WHEN President Benigno Aquino 3rd visits Europe and the United States this September (Sept.13-24), it would be wise for him to bring along a competent, credible and coherent report on international assistance and aid extended to the Philippines and Haiyan (Yolanda) victims by foreign governments and international organizations and charities, and of course a report as well on the progress of recovery and reconstrruction in the affected regions and communities. He can present these along with our people’s thanks to the foreign heads of state and heads of organizations who will host or receive him.
Ten months after Haiyan’s landfall in East Visayas (“11/8” in my nomenclature to underscore the date), and with just two months to go before we mark the first anniversary of the perfect storm, a report to donors is clearly overdue and fitting.
Assistance to match Haiyan’s scale
Just as Haiyan and its trail of devastation had no precedents in history, so were the compassion and kindness that poured from the family of nations and large segments of all humanity unprecedented in scope and scale.
Europe and the United States were two of the biggest donors of assistance, in cash and kind, at the height of the calamity and in its aftermath.
America, ever reliable in times of war and peace, took a leading role in the rescue, relief, recovery and reconstruction effort, fielding no less than a thousand troops at one point during the crisis.
Aquino’s first stops in his journey—Spain, France, Germany, and Belgium (seat of the European Union)—are among our closest allies and partners, with whom we maintain ties of great depth and meaning.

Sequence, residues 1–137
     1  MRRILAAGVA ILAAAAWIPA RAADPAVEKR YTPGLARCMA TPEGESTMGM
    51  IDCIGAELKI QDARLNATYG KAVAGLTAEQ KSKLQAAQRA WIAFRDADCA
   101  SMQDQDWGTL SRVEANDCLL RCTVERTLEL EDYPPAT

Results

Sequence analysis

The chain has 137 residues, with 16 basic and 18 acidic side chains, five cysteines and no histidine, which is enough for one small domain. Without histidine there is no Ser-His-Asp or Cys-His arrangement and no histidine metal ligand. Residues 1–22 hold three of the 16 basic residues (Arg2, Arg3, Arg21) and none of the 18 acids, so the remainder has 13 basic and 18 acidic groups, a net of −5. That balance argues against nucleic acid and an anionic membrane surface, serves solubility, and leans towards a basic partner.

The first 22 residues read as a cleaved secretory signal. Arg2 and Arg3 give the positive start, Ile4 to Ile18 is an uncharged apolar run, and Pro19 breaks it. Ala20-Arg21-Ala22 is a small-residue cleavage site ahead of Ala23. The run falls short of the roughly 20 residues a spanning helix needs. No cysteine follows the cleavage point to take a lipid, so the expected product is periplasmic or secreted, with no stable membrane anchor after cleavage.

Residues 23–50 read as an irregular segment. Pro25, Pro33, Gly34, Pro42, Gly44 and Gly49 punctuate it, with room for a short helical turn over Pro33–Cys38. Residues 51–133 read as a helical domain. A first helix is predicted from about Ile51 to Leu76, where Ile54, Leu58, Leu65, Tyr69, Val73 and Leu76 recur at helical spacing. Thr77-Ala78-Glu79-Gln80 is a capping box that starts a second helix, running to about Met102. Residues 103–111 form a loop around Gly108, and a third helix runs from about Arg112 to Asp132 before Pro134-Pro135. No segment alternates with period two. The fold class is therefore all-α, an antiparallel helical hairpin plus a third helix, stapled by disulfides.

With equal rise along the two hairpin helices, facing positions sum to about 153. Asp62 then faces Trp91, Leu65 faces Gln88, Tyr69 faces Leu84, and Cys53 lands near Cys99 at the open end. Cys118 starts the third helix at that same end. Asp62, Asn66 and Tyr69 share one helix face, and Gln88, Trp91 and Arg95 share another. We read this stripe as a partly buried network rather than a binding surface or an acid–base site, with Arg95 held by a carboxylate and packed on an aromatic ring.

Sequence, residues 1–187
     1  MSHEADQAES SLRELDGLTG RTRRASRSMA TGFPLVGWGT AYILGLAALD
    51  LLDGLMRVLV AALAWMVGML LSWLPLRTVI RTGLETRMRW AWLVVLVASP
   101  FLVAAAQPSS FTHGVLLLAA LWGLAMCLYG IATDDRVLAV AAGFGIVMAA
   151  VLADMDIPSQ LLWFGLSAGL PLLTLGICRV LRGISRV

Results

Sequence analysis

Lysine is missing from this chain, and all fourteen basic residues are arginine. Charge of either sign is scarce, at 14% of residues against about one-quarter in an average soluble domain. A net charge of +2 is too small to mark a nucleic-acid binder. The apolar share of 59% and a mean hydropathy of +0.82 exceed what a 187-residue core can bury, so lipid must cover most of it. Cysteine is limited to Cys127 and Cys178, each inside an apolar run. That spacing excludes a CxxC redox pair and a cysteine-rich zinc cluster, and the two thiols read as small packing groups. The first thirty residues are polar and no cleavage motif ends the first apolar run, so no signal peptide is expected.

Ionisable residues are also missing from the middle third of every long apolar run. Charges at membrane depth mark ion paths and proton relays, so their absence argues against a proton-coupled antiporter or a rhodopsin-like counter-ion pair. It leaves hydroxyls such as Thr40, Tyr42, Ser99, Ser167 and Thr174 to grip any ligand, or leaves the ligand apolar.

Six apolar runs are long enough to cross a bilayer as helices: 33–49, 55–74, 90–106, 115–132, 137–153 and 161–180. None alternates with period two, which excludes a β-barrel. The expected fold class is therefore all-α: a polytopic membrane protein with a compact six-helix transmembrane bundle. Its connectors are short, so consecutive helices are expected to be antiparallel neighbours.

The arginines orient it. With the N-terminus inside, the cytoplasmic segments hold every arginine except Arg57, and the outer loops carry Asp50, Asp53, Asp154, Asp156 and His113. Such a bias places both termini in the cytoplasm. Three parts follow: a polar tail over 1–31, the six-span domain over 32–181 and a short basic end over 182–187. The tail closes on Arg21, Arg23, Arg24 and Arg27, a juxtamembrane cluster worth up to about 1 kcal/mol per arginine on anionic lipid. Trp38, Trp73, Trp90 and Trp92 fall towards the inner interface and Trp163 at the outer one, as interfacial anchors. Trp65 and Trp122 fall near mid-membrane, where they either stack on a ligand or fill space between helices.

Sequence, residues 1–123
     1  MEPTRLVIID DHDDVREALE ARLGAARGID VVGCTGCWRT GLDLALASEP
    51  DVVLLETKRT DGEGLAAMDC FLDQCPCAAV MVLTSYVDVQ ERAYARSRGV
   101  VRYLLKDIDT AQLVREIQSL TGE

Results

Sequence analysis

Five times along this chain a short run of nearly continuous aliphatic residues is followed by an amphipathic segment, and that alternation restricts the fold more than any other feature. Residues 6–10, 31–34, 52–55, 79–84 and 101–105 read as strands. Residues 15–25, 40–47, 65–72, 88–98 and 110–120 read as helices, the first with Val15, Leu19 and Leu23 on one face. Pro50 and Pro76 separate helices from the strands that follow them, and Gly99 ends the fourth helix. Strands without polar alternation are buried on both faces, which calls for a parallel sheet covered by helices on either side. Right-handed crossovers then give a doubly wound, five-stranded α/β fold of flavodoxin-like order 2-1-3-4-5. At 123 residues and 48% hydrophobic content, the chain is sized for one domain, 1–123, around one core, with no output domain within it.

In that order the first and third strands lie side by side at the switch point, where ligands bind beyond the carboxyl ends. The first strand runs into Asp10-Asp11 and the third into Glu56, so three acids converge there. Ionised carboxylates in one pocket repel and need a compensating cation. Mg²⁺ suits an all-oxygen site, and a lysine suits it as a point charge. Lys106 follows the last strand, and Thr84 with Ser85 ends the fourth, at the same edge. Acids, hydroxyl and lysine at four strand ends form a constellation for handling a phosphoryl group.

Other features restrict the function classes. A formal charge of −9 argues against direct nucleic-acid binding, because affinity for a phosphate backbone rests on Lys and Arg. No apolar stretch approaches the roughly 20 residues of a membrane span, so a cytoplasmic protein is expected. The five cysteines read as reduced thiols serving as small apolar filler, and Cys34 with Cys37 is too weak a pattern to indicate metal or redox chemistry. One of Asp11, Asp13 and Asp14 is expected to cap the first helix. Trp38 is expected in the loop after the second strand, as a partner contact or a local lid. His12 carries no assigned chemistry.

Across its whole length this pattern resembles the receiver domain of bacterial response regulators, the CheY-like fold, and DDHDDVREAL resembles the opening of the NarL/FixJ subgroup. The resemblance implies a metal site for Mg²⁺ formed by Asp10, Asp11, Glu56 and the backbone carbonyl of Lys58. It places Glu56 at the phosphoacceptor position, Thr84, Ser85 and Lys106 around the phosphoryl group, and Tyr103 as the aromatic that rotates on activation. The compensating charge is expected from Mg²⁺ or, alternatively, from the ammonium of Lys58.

Aquino’s visit is designed to drum up new investments in what is now acknowledged as our rapidly growing and more competitive economy. There will be keen interest in what he can report on his program in the closing chapter of his presidency.
Audit of international assistance
With respect to Haiyan, it clearly won’t be enough for Aquino to simply recite numbers or statistics. Donors want to know whether their acts of compassion made a difference in the lives of victims and their communities. And how in tandem with our government, they contributed to the emergence of new life and new hope in the areas laid waste by Haiyan.
We are a people who do not forget acts of kindness towards us, and who strive, so far as we are able, to repay debts of gratitude.
This audit of international assistance would be easy if our government has been running a continuous and updated record of such assistance with respect to Haiyan. Sadly, there is reason to worry that those in charge have not kept such a record competently and scrupulously.
Foreign Aid Transparency Hub
To the Aquino government’s credit, it has put up the Foreign Aid Transparency Hub (FAITH), an online information portal that records and tabulates all the foreign aid pledged and received by the government and the victims of Yolanda.
The web portal enables donors to gain a broad perspective on the total aid effort, and to track their respective donations and to check whether they are accurately recorded.
I waded through FAITH to get a feel and some information on the scale and provenance of Haiyan assistance, but I quickly got lost in the maze of numbers loaded on the site, and the lack of explanatory text to guide the reader.
Unlike UN reports, with which I am fairly familiar, FAITH appears to be still a work in progress.
President Aquino will need more than faith to come up with a competent, credible and coherent report on Haiyan assistance.